Overall, the ZenBlue does what is says on the tin. It is an affordable, handy, and simple bluetooth receiver. Its not the best DAC I have ever heard, and bluetooth itself is a limiting factor, but within those boundaries, the ZenBlue actually works very well. If this is the sort of thing you have been looking for, and you feel it fits your use case, then I would recommend it highly. If it doesn’t, I would certainly check on the ZenDac, or again, the new ZenStream 🙂


100+ Head-Fier
iFi Zen Blue REVIEW
Pros: Balanced output
bluetooth connectivity
digital and analogue outputs
Cons: No option to turn off the front lights
About me:
Music lover and earphone enthusiast, most of my previous reviews are in spanish.

Disclaimer: iFi graciously lent me the Zen Blue in exchange of my opinion

Gear used:
Schiit Asgard 3, iFi Zen Can, Elemental Watson 2, Sennheiser HD560s, Fostex T50RP

About iFi:

iFi audio is a company with headquarters in the UK that since 2012 has launched more than 30 high quality audio products with one aim in mind "to improve your music enjoyment." You can find more in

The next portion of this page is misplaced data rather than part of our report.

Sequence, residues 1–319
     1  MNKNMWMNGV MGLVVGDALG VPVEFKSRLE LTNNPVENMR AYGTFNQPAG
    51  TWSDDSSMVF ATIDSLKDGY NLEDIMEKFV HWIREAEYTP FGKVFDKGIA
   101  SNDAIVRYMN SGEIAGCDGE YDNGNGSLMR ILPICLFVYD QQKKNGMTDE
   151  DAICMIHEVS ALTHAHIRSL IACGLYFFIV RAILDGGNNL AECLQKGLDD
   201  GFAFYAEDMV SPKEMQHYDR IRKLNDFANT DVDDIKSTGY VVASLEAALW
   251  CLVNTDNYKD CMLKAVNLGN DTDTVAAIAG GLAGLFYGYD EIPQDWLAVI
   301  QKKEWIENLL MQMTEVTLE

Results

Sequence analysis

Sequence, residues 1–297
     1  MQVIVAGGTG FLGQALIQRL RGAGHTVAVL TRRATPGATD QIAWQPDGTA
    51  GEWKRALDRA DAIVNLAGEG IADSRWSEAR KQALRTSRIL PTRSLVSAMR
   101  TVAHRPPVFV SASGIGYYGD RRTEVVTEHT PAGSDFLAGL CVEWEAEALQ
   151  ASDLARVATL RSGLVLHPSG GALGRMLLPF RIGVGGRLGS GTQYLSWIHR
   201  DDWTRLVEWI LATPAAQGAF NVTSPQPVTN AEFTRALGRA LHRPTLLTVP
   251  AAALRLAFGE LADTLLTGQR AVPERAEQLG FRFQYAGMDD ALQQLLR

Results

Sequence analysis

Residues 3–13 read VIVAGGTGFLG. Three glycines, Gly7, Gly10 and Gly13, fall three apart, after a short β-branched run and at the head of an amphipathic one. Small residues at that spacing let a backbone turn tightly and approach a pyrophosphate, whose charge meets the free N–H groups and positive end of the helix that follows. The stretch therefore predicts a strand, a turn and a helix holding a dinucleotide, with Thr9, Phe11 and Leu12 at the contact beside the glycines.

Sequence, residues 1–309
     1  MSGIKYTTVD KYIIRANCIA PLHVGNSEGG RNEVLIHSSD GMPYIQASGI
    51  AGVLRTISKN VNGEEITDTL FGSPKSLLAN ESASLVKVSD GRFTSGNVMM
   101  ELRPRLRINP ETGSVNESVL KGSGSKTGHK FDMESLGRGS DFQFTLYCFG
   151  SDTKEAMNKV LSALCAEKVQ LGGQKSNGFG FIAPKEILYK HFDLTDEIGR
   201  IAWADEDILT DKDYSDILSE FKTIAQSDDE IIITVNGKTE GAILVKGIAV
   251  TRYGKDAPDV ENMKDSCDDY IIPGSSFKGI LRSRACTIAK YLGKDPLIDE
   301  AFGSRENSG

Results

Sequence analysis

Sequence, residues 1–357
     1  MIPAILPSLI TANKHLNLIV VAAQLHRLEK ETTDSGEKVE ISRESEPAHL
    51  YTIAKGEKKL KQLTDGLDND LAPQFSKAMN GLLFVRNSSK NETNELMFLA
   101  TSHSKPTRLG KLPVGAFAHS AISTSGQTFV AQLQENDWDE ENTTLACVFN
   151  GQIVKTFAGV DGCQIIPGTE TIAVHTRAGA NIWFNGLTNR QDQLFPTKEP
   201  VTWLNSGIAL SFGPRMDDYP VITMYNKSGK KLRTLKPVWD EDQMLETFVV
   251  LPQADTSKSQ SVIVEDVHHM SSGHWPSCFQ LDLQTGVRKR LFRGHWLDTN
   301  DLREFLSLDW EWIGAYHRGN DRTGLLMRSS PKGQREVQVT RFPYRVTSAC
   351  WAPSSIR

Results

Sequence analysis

Power:DC 5V
Input:Bluetooth 5.0TM with AAC, aptX, aptX HD, aptX Adaptive, aptX Low-Latency, LDAC, HWA/LHDC Codec
Output:Optical/Coaxial, Audio RCA L/R, 4.4 Balanced Line out
Frequency Response:20Hz – 20kHz <+0/-0.5dB (44.1kHz)
1Hz – 44khz <+0/-3.0dB (>= 88.2kHz)
Output Voltage @ 0dBFS:2.05V (+/-0.05V)
Dynamic Range:109dB (A)
Signal/Noise ratio:109dB (A) @ 0dBFS
THD & N @ 0dBFS:< 0.0015% 10k Load
Output Impedance:< 50Ω
Power Consumption:< 2.5W
Dimensions:160(w) x 107(d) x 35(h) mm
6.3″ x 4.2″ x 1.4″
Weight (Gross):0.8 kg (1.8 lbs)


Accessories and design:

The Zen Blue comes well protected in a recyclable white cardboard box. Inside we´ll find accessories such as an RCA cable, a power adapter, bluetooth antenna and the warranty card.